Asked on Jul 03, 2016

Fixing uneven spots under vinyl tiles on a kitchen floor

Kelly Martin
by Kelly Martin
Does anyone have advice on how to fix an uneven kitchen floor? We had vinyl squares installed on our floor a few years ago. Over the years, my husband applied layer after layer of wax, not realizing the vinyl needed to be stripped in between waxings, and the vinyl became dull looking. He decided to pull up the old tiles and replace with new tiles. The problem is, he's been partially pulling up pieces of the floor with the old tile and then installing the new tile over all the bumpiness and unevenness so now the floor is an uneven, bumpy mess in places. How can I even out the floor under the vinyl tile the best/easiest way in order to try to fix this?
Floor under tile
Bumps under tile
  16 answers
  • Elaine Burdick Olsen Elaine Burdick Olsen on Jul 04, 2016
    you can buy levelling compound at lowes or hhome depot or probably any hardware store. It is sort of like a very runny fine cement. Works great.
    • Kelly Martin Kelly Martin on Jul 04, 2016
      Thank You Elaine Burdick Olsen. This seems like the easiest "quick fix". While I realize the whole floor probably needs to be redone (and redone "the right way" as so many have pointed out, yes, I get it), we don't have the money to do that at this point in time. I was looking for a quick, inexpensive fix for the tiles that are bumpy. Thank you for all the responses and suggestions.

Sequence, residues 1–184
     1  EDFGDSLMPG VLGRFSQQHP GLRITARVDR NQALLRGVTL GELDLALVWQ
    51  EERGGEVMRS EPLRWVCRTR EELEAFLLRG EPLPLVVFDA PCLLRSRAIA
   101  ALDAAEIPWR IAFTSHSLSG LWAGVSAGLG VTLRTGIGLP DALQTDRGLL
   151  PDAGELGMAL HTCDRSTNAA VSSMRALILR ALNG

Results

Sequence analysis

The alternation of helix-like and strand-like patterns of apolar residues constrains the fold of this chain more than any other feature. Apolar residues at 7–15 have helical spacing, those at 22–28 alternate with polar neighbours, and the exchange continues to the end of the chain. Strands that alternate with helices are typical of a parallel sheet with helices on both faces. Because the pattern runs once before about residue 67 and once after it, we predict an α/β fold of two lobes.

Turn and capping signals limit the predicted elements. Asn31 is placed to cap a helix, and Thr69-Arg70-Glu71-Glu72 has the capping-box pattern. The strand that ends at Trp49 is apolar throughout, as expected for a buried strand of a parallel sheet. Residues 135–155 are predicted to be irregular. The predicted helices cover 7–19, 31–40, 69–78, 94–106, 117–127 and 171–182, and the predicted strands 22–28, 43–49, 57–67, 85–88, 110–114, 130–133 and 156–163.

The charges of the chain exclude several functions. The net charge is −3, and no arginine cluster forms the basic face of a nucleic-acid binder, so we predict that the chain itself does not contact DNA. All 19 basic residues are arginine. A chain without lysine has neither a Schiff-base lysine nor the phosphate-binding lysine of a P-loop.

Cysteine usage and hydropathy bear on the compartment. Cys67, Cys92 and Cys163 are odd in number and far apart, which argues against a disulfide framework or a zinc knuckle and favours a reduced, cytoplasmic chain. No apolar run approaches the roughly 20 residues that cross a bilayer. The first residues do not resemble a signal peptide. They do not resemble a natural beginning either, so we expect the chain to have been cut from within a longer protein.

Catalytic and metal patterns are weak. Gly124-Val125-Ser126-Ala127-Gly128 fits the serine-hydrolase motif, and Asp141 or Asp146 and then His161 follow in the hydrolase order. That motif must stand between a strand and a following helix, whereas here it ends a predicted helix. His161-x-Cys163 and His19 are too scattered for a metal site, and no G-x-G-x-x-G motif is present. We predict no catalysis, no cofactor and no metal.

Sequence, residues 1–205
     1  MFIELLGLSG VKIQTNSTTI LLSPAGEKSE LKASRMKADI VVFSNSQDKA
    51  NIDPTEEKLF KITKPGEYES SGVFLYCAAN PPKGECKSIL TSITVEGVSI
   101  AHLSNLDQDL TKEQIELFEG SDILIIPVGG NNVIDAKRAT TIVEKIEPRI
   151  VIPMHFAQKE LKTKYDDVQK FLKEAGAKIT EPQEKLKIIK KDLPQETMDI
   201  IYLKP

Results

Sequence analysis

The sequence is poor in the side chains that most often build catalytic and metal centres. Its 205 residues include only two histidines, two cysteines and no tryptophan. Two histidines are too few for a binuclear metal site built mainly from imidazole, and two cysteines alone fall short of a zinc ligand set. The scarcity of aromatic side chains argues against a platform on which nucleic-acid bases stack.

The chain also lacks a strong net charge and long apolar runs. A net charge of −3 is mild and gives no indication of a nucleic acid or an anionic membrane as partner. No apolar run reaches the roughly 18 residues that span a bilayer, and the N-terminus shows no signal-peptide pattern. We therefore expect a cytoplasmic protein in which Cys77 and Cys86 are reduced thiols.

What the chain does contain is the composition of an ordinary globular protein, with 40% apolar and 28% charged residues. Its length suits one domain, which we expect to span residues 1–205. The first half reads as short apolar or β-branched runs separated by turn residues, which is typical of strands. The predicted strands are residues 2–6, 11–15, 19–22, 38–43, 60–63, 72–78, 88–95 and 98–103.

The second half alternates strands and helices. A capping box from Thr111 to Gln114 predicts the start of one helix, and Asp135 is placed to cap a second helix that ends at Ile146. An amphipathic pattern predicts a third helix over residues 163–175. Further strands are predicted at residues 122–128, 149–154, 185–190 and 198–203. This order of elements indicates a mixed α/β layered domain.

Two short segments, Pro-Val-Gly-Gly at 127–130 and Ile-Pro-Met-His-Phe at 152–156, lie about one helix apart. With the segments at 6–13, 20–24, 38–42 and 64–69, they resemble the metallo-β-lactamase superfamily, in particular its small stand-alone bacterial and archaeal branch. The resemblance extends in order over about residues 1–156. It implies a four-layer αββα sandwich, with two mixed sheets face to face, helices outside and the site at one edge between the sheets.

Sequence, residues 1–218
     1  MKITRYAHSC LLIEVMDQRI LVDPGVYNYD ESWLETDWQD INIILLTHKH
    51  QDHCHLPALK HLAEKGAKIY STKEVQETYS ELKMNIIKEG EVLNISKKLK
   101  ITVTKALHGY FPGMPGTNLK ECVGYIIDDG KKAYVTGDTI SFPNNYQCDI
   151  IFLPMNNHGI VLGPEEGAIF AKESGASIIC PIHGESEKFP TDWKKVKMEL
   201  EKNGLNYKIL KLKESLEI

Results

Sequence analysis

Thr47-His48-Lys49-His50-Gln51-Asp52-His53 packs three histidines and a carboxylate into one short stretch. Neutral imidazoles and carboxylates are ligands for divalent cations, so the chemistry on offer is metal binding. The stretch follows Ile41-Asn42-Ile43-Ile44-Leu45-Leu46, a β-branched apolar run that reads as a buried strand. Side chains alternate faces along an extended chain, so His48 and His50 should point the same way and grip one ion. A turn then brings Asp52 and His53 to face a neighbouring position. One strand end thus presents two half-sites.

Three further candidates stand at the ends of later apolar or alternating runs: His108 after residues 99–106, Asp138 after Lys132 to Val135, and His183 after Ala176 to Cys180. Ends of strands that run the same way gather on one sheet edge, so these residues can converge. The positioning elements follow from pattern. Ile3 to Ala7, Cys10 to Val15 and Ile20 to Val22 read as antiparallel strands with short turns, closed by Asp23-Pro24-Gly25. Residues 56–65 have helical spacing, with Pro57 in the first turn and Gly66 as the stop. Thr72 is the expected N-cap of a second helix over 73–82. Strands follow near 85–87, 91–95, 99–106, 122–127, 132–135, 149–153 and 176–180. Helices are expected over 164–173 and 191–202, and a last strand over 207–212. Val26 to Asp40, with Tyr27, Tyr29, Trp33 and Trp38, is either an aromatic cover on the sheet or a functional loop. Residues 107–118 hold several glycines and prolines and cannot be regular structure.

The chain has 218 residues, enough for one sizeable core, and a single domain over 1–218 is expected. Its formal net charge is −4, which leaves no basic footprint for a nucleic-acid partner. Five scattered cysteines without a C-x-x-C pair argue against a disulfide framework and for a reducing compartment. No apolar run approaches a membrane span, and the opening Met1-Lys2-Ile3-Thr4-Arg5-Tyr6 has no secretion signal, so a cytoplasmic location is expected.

• Johnchip Johnchip on Jul 04, 2016
    Unfortunately you will have to remove them again. Before you do, reconsider the entire floor and the time, cost and frustration you are taking on. Whatever you do. this time, don't cut corners, do it right. You must have a clean, smooth and even underlayment first for any product you use. You may have to use an industrial sander to remove the old material. Some of these 'leveling compounds' will disintegrate or separate if the prep is done done right.
  • Crystal Cochrane Crystal Cochrane on Jul 04, 2016
    Johnchip is right, you will need to start over:(
  • Debs Debs on Jul 04, 2016
    I agree, taking up the existing mess is the only way to do it. Sanding down the rough places, then get luan sheets, ( like a thin version of plywood) and put them down first. When I put down luan sheets down, I used a staple gun and made sure all corners, and edges were down tight. Cover the whole floor, then add your floor tiles back. It makes a lot better and smoother surface for your tiles or any other floor coverings.